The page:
Where’s The Catch?

Lucy is now pretty much at full-speed around the house, having got the hang of crawling some time ago. She can make remarkable progress across the floor, despite her small size and inability to walk. Coupled with this ability to explore is also the desire to explore.

Everything which is within reach (and at times some things which aren’t), will be pushed, pulled, chewed and rattled. Our house is just a playground of new stuff to do now she’s got her crawling badge. Unfortunately, we can’t just let her loose in the kitchen cupboards, so we’ve needed to fit child safety catches on all of the doors. These are primitive lumps of plastic which screw to the door, with a corresponding catch screwing to the carcase of the cabinet. Pull the door open about 2 inches, push the plastic bit in slightly, then the door’s released. Easy.

Except these things are driving me nuts.

Each of our floor-level kitchen cupboards have drawers above them. That means the catches couldn’t be mounted at the top as designed. Nor could they be mounted to the side, because everything’s nice and flush-fitting, including the appliances, so there’s no room to get your fingers in. So the only place they could go was on the floor of the cabinet.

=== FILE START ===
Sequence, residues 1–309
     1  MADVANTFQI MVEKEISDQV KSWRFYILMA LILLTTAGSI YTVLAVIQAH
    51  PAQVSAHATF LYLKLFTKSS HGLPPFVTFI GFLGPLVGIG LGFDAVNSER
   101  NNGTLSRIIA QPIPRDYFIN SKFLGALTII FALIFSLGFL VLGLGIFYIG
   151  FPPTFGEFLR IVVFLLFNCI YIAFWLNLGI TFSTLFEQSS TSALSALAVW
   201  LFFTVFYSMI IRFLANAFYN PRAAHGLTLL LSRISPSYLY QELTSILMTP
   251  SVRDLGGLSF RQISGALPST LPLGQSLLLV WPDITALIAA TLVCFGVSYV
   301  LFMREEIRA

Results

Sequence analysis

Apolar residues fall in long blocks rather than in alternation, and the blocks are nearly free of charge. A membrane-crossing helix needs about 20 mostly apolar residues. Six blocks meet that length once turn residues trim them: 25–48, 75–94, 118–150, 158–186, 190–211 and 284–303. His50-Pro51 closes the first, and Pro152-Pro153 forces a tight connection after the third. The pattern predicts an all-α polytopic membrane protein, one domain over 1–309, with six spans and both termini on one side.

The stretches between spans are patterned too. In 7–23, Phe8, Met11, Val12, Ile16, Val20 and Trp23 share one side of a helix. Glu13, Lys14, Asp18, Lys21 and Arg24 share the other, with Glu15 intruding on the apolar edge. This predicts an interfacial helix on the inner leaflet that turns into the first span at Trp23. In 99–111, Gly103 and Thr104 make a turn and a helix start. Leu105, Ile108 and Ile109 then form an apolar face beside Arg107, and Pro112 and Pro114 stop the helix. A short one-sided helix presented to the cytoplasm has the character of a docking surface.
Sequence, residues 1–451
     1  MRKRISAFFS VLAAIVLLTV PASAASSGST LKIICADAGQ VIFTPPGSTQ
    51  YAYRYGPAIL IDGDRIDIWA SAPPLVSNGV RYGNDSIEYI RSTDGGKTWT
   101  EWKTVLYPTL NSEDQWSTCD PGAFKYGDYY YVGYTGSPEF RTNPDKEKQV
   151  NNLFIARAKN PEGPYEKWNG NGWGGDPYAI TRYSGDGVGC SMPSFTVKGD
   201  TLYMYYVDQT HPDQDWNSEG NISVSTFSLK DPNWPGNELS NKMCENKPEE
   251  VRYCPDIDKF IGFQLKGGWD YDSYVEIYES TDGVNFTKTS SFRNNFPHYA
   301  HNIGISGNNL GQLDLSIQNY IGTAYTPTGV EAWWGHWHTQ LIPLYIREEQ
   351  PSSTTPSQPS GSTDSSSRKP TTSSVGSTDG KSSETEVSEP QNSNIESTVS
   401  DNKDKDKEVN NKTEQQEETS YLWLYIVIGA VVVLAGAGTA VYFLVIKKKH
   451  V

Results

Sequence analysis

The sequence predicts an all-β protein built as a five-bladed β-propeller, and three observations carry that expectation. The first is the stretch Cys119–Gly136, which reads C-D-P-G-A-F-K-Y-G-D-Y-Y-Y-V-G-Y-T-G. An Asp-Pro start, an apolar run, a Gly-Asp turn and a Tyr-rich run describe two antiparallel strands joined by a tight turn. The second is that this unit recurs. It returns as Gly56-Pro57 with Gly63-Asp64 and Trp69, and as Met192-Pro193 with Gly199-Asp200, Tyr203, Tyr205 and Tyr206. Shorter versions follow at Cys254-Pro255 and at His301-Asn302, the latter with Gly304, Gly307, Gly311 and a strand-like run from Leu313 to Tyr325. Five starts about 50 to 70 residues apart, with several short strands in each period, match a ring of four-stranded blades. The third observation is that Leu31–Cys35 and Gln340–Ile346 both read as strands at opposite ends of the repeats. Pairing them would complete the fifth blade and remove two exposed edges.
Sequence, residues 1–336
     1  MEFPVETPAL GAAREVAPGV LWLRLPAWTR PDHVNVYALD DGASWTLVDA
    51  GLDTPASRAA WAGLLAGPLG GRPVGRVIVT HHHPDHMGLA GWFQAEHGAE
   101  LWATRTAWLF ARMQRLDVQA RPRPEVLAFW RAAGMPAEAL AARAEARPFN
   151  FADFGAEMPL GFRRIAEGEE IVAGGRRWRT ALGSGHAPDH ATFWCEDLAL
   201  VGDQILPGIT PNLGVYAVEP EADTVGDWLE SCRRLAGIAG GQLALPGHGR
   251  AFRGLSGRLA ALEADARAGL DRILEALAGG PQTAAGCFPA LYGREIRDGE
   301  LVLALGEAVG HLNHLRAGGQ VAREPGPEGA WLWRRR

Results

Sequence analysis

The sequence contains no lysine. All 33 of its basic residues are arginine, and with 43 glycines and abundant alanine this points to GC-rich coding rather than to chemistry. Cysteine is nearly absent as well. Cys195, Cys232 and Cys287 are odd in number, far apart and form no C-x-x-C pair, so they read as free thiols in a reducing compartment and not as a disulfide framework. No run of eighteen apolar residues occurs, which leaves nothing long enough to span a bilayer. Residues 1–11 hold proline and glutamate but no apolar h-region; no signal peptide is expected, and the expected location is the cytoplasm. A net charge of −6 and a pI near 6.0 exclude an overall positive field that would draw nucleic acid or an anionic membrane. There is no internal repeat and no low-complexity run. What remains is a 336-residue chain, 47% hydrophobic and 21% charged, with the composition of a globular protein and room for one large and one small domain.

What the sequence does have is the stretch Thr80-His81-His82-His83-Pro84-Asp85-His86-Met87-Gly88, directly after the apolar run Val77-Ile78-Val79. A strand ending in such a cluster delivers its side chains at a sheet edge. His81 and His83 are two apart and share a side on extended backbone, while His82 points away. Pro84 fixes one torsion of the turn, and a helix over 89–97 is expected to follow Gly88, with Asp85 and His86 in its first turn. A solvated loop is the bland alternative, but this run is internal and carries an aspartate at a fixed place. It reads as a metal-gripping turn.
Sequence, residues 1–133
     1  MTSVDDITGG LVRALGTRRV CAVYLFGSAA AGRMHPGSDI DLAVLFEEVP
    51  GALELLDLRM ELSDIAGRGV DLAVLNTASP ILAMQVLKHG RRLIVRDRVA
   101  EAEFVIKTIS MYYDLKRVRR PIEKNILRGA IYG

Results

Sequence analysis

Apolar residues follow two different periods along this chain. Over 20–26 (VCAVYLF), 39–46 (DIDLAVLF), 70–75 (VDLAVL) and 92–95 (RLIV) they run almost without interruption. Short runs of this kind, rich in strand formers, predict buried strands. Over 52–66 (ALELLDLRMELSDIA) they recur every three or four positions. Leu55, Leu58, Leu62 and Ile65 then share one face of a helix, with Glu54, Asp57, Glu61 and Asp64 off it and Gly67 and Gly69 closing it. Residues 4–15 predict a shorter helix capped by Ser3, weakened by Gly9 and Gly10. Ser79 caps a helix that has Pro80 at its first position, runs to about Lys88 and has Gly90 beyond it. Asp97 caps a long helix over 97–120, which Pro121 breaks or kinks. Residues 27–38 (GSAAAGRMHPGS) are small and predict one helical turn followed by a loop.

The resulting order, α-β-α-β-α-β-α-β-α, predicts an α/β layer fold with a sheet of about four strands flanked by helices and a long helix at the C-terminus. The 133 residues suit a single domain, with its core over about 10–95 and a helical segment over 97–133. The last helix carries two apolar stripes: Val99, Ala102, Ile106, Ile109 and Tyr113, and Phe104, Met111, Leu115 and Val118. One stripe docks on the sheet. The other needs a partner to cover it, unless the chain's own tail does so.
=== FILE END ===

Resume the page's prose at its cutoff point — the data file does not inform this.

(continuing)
So now every time I need anything out of the kitchen cupboards (and that’s many times a day), I need to bend down, articulate my wrist in a monumentally uncomfortable way, pull the door open and then push the catch up into the cupboard.


Crawling and Clapping

Yesterday, Lucy started crawling. That’s right, the might of a seven-month-old has now just been unleashed onto the world. It really did come without warning – she had been trying without success for the past few weeks now, but not really got anywhere, until today.

Katrina was changing her nappy, went into the bathroom next door to get some water for her, then turned round to find a curious-looking head poking round the door wondering what she was doing. It’s now time for the stair gates I guess…

In other news, she also started clapping today. Again, no real warning, just a sudden desire to wake up one morning with coordination substantially improved since the previous evening. It’s like she goes to bed pondering these things, then wakes up the next day to try out her new theory.

Obviously we are now encouraging her to do more of this stuff, so every opportunity it’s "Can Lucy clap her hands?". Of course she can.